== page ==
Carbs get a bad rep. But daily consumption of whole grains, for most people, is a smart move, in terms of better overall health. Studies suggest whole grains can lower your risk of colorectal cancer, reduce your chances of heart disease and type 2 diabetes, keep your weight in check, help you feel fuller longer, and improve both inflammation and cholesterol. Lucky for you, our experts are here to help decode grains as a whole, so you know what to eat to best nourish your body and stay committed to your workouts.
What’s the difference between whole and refined grains?
Whole grains are the way to go in terms of nutrition, says registered dietitian Taylor Wolfram, MS, RDN, LDN. “There are whole grains, which means the entire grain kernel, including the bran, endosperm and germ, is intact. The bran contains the majority of the fiber. The germ contains the majority of the fat, vitamins, and minerals. Refined grains have undergone processing to remove the bran and the germ, leaving just the starchy endosperm. This also helps increase shelf-life, create finer texture, and enhance palatability,” Wolfram adds.
“Whole grains have three to five times the vitamins and minerals found in refined grains,” explains Becky Kerkenbush, clinical nutritionist and registered dietitian at Watertown Regional Medical Center. “This includes B vitamins (thiamin, riboflavin, niacin, and folate); minerals like iron, magnesium, manganese, and selenium; and antioxidants and phytochemicals,” Kerkenbush states.
In contrast, try to avoid eating refined grains on the regular. These include sugary cereals, cakes, desserts made with white flour, white breads, and pasta. “Most commercial flours aren’t whole grain, because removing the bran and germ leaves it softer and fluffier,” notes nutritionist Lauren O’Connor, MS, RDN, RYT. “However, you can buy a finely milled flour that is 100% whole grain,” she suggests.
Do certain grains pack a bigger nutritional punch?
O’Connor says any product that is whole grain and contains 100% whole grain or has 3g of fiber or more, serves as your ideal choice. “Some tout quinoa as a complete protein. However, no one grain needs to be a superstar,” says O’Connor. “Getting a variety of whole grains provides you with the utmost in nutrition. Plant foods have varying types and amounts of nutrients. Keep it colorful. Try buckwheat, red quinoa, and black rice, as a variety for white/beige/light brown whole grain foods.”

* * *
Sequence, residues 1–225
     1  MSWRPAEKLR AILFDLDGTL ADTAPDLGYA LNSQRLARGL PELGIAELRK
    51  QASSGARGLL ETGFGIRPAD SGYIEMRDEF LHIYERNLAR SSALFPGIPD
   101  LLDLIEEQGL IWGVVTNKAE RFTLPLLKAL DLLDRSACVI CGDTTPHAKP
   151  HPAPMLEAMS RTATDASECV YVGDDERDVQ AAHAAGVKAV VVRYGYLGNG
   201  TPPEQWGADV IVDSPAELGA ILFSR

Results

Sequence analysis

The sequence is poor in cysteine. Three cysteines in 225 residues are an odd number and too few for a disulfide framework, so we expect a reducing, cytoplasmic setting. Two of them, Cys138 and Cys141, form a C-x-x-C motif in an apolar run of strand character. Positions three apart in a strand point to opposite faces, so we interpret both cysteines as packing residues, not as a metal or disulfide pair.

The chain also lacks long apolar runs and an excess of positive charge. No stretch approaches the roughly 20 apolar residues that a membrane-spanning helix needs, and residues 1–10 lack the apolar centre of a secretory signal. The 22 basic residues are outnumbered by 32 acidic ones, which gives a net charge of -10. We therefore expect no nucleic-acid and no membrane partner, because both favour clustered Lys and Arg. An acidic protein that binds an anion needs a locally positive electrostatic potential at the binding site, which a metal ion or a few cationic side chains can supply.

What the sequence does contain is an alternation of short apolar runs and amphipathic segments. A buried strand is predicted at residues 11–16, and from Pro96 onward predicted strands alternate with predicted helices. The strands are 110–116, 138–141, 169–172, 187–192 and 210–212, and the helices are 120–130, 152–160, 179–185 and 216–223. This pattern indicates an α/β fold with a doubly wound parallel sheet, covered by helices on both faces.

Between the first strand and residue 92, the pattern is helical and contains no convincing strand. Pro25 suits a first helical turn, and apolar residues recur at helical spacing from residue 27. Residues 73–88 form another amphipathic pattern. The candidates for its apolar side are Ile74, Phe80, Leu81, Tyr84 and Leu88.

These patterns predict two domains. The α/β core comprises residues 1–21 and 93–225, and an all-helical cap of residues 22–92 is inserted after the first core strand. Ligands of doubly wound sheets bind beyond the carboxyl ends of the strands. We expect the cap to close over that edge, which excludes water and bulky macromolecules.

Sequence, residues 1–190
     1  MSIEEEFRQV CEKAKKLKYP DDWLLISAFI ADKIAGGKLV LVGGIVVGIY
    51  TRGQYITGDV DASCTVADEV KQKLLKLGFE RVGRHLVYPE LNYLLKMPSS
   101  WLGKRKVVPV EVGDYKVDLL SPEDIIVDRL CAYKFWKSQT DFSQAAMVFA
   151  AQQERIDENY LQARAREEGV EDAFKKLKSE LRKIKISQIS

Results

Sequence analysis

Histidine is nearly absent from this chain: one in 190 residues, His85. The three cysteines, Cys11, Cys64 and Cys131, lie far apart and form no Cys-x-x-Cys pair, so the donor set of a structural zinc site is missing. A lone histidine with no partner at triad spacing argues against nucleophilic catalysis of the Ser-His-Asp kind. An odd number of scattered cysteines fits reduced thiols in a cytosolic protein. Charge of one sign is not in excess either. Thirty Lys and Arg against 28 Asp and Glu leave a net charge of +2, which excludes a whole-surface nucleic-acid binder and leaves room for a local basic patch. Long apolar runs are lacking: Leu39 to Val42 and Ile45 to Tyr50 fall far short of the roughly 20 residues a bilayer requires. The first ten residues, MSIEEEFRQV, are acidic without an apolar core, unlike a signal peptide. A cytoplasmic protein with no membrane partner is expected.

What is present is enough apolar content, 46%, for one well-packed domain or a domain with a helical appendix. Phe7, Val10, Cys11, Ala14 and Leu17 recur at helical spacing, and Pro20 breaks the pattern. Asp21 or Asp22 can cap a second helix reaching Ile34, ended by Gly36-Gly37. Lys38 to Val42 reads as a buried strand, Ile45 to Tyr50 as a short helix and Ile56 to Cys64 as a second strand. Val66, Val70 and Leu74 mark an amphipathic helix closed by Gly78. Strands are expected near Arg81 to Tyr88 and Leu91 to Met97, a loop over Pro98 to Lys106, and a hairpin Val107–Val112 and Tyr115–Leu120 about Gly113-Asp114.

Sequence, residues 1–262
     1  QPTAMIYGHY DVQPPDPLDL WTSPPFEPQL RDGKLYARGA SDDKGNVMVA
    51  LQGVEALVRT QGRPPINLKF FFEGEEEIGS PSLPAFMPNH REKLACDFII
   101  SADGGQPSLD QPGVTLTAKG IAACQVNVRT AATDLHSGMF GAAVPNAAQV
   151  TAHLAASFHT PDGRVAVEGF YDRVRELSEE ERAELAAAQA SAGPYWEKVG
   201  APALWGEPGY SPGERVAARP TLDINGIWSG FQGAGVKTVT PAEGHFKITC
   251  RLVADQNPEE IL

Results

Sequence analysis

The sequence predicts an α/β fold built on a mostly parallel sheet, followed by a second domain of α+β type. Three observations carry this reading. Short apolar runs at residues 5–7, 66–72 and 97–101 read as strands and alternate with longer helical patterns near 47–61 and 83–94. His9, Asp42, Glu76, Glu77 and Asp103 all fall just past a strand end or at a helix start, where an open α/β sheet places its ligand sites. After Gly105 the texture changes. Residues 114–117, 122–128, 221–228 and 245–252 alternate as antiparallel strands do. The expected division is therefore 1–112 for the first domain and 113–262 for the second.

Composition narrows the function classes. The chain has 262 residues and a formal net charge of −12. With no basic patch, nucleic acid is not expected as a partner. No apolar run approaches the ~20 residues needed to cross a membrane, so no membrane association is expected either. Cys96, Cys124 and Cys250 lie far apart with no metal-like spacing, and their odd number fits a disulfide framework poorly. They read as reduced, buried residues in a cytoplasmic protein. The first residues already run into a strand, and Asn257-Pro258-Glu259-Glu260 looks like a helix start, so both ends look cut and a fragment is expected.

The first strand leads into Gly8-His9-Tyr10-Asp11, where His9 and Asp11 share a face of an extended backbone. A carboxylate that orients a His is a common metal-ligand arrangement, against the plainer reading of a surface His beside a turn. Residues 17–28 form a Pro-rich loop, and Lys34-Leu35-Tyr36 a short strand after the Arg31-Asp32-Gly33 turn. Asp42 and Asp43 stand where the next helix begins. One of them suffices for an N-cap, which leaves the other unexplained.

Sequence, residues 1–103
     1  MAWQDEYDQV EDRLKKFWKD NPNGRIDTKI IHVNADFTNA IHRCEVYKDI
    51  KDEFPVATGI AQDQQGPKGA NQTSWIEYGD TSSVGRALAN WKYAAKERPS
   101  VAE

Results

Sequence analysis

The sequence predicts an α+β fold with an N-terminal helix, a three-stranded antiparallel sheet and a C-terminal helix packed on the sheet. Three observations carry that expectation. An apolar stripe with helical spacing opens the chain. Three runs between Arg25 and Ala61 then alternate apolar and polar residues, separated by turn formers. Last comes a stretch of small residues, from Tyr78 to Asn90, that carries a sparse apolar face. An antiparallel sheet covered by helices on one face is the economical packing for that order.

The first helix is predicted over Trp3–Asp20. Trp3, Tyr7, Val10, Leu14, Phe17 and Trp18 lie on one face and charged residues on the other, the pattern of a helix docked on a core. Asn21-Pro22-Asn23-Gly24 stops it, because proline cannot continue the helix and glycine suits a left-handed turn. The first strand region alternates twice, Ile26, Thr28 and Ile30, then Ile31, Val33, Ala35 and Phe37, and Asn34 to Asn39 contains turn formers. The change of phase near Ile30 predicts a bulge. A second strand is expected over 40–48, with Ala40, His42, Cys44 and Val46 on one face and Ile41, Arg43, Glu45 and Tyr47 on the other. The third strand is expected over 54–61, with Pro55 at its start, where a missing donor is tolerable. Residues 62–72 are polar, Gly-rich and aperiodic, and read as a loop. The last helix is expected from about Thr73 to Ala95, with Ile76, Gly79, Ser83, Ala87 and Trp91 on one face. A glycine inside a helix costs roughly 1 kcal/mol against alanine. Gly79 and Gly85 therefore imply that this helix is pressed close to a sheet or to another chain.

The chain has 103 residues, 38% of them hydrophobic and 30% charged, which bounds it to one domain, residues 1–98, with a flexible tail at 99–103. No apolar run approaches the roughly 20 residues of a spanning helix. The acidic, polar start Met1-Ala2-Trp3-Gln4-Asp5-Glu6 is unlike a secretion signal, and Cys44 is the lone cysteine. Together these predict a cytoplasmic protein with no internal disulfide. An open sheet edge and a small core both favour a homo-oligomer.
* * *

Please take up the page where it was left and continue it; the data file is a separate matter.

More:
And as a tip, Wolfram recommends hitting up the bulk bins at your local market to experiment with different whole grains. She advises adding the ones you like into your regular meal rotation.
If I’m gluten-free, do I avoid grains?
Absolutely not, according to these experts, unless you’re already sensitive to gluten or have celiac disease. “Gluten is in wheat, rye, and barley,” says Wolfram. “Due to how they are processed, it is advisable for those with celiac disease to steer clear of oats unless labeled gluten-free. There are loads of delicious whole grains that are naturally gluten-free, including brown rice, amaranth, buckwheat, millet, teff, and sorghum.”
Other gluten-free options include corn (including whole cornmeal and popcorn), which Kerkenbush says has almost twice the antioxidant activity of apples—plus quinoa and wild rice.
What healthy grain swaps are easy to make?
“You can swap in a whole grain wherever you’d use a refined grain,” says Wolfram. “Brown rice for white rice, whole-grain pasta for white pasta, whole-grain bread for white bread, whole-grain flour for all-purpose flour, etc. Consider trying a grain that is new to your family, such as farro, when substituting whole grains,” she recommends.
“You may find gluten-free pastas to swap out semolina (a wheat product),” says O’Connor. “These are typically made with rice, corn, and/or quinoa, or some sort of legume in the mix. You can also substitute couscous (a wheat product) for quinoa.”
How do whole grains impact my workouts?
Grains are an “excellent source of carbohydrate, which fuels our bodies when we exercise,”says Wolfram. Most people rely on them for energy. Do what’s best for your established exercise routine, says O’Connor. This can vary through trial and error.
“I personally find a small amount of a grain dish (i.e. oatmeal) before exercise is okay, just as long as I waited at least a half hour after my breakfast,” she notes. “Depending on the individual and form of exercise, food intake before exercise can be limiting (digestive issues) or can help boost energy. I generally stick to something small and simple; and refuel after exercise. For example, I don’t eat prior to yoga practice, especially if I’m doing an inversion (handstand, headstand, etc) or heavy twisting poses.”
How many whole grains do I really need to eat per day?
Kerkenbush recommends sticking to at least three servings of whole grains per day, which is in line with national recommendations, and Wolfram echoes that approach.
“There is no reason to cut grains out of your diet. They deliver essential nutrients and help balance out meals,” says Wolfram. “If you’re trying to limit processed foods, focus on whole grains that you cook from scratch. Try to make at least half of the grains you eat whole grains—at least three ounces of whole grains per day for adults.”